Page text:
This year marks the 10th season of the Ancora String Quartet, in residence at the First Unitarian Society. To launch this anniversary season, the quartet decided on a theme for their new series of concerts: Friends.
The two works on Saturday night's program embodied two different kinds of friendship they have in mind.
Beethoven's Quartet in E-flat, Op. 74, known as the "Harp" Quartet for runs of pizzicato arpeggios in the first movement, is a special friend to the quartet as a composition. It was one they played six years ago, when their membership was completed by cellist Benjamin Whitcomb. The Ancoras dug into it anew with gusto and affection, relishing this old friend's mix of beauty, wit, and very intricate part-writing. They have set high standards for themselves already in playing Beethoven, and this vibrant performance reaffirmed those standards.
Fine as was the Beethoven performance, what followed was even more exciting. Another category of friends being celebrated is that of guest performers, players whom they have come to know, and several of whom join them in concerts this season. For this occasion, it was Prof. Myung-Hee Chung, the distinguished, Korean-born pianist of the UW-Whitewater faculty. Prof. Chung joined the Ancoras in one of the great masterworks of chamber music, the Piano Quintet in F minor, Op. 34, by Brahms.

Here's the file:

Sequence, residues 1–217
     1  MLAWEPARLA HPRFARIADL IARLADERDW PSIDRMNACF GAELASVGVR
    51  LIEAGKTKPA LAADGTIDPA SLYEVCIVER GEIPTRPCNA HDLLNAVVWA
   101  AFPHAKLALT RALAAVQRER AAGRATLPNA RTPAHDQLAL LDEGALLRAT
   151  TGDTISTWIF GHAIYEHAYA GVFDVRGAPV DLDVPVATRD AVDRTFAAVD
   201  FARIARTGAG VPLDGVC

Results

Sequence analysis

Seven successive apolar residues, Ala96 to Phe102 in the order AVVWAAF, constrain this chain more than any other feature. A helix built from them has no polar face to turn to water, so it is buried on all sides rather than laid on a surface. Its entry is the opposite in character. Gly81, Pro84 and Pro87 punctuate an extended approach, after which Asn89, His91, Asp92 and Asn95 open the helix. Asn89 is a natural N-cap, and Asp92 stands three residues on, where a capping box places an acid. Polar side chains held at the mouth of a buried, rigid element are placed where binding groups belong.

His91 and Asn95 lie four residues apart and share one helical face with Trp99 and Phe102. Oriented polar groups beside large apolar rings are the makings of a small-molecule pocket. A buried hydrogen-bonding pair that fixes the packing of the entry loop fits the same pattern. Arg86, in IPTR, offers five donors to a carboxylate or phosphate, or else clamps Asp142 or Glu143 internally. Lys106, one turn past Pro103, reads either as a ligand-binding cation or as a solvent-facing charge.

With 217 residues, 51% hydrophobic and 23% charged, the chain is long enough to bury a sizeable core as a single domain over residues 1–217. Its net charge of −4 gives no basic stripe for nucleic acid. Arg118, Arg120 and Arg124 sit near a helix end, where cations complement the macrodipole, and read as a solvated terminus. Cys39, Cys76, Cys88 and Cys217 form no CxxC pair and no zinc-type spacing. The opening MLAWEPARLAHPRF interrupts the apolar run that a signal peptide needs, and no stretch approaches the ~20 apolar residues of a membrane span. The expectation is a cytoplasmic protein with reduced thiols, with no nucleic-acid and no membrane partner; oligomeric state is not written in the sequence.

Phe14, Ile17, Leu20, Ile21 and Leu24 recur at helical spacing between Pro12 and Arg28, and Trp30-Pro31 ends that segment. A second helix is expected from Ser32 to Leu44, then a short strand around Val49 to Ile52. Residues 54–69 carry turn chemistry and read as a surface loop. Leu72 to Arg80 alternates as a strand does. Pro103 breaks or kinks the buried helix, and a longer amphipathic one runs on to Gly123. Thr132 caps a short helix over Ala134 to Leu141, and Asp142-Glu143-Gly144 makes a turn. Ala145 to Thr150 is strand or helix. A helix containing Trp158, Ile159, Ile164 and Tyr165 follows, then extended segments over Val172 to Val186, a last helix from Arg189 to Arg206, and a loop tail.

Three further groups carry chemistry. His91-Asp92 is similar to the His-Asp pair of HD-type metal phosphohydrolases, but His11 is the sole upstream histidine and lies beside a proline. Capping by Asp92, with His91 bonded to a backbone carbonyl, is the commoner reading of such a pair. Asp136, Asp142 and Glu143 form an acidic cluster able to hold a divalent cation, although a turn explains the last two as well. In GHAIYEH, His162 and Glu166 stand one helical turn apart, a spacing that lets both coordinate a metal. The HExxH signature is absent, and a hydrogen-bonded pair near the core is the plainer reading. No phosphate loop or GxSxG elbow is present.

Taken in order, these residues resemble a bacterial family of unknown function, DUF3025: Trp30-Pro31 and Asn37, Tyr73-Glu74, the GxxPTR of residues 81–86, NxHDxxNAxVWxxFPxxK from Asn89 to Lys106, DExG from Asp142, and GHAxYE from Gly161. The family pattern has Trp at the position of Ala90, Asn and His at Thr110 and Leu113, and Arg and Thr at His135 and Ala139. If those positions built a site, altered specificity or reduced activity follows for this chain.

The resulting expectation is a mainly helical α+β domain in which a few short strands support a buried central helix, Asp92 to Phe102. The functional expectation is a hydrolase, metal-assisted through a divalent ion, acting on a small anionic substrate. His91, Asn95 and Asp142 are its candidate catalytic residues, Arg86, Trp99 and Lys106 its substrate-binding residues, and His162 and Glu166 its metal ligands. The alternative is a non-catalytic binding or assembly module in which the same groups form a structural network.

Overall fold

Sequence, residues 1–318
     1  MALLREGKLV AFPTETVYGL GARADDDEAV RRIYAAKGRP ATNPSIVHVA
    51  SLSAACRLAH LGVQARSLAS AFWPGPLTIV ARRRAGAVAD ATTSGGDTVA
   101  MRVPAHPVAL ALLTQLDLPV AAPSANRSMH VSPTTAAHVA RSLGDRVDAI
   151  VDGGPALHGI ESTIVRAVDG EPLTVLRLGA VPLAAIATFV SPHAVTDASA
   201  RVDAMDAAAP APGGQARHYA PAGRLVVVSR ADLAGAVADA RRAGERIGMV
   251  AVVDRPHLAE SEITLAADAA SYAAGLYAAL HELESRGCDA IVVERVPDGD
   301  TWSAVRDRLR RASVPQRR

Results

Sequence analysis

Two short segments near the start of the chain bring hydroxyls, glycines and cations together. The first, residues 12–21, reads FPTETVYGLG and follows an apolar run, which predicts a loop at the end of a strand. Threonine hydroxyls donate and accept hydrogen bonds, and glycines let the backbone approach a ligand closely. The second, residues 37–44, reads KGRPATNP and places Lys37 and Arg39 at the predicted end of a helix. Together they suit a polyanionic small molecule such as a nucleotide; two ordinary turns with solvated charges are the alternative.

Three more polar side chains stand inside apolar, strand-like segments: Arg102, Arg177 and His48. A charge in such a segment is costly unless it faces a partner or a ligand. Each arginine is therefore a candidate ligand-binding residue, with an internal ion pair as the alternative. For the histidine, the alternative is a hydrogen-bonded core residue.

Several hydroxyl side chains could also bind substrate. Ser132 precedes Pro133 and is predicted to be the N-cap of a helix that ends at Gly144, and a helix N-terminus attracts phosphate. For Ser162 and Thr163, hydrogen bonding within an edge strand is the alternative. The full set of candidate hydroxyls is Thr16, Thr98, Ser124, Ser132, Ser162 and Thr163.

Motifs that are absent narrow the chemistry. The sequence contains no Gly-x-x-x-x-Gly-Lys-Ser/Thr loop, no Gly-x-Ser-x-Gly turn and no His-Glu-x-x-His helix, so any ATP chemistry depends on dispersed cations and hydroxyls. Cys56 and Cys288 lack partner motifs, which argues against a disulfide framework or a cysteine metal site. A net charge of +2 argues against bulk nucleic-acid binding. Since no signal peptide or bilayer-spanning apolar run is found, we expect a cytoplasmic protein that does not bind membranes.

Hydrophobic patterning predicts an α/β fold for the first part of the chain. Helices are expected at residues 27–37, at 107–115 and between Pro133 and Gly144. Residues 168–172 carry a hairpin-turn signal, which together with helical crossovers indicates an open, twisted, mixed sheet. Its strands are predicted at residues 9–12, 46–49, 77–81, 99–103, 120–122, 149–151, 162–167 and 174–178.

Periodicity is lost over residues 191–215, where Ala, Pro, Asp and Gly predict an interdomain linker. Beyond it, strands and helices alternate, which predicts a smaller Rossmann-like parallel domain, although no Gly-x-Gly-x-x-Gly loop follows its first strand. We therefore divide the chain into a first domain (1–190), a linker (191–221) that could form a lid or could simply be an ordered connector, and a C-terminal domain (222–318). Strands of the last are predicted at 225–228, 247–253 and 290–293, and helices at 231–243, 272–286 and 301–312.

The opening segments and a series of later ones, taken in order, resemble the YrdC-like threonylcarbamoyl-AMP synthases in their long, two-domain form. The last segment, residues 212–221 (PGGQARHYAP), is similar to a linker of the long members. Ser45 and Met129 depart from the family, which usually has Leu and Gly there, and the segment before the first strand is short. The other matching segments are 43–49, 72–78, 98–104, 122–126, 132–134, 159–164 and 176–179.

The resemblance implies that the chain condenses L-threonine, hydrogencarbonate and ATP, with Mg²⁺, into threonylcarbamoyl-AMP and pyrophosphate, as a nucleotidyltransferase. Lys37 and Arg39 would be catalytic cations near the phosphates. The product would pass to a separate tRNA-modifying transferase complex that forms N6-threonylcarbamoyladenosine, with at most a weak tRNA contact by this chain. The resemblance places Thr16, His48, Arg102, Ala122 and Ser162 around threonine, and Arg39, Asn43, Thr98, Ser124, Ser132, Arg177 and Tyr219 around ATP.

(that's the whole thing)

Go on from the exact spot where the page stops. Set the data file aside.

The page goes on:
Theirs was an absolute powerhouse of a performance. The mighty first movement was by itself testimony to Brahms's capacity to compose truly passionate music -- passion that was caught in full measure by the players. The second movement simply glowed with radiant lyricism and warmth. The "scherzo" third movement was revealed as something like a manic march, or anti-march. And the final movement was a compelling series of arguments about what to do with a theme, arguments that repeatedly rose to anxious outbursts and veritable Gypsy frenzies.
I don't think I have ever heard the Ancoras play better. And I think part of their success was owed to their visiting friend. Brahms usually wrote the piano parts in his chamber works for himself to play, in his own burly and assertive style. Pianists today are frequently tempted to run away with such works, turning them into virtual concertos, subordinating the other instruments. Not so Prof. Chung, who was a true collaborator, blending into the ensemble in ways that only urged on the quartet to excel itself in a transcendent rendition.
But then, after all, what are friends for?